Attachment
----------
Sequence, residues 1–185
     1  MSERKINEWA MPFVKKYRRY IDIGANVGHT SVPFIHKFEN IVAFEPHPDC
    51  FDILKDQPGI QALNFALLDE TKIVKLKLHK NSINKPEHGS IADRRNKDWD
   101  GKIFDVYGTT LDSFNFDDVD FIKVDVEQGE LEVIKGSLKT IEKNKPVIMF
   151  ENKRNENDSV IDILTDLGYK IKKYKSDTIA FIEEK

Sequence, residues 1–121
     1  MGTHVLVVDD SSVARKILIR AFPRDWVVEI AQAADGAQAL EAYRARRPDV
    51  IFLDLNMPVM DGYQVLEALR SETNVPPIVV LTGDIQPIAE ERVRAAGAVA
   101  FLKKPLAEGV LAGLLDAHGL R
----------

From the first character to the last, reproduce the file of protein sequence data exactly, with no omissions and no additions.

Sequence, residues 1–185
     1  MSERKINEWA MPFVKKYRRY IDIGANVGHT SVPFIHKFEN IVAFEPHPDC
    51  FDILKDQPGI QALNFALLDE TKIVKLKLHK NSINKPEHGS IADRRNKDWD
   101  GKIFDVYGTT LDSFNFDDVD FIKVDVEQGE LEVIKGSLKT IEKNKPVIMF
   151  ENKRNENDSV IDILTDLGYK IKKYKSDTIA FIEEK

Sequence, residues 1–121
     1  MGTHVLVVDD SSVARKILIR AFPRDWVVEI AQAADGAQAL EAYRARRPDV
    51  IFLDLNMPVM DGYQVLEALR SETNVPPIVV LTGDIQPIAE ERVRAAGAVA
   101  FLKKPLAEGV LAGLLDAHGL R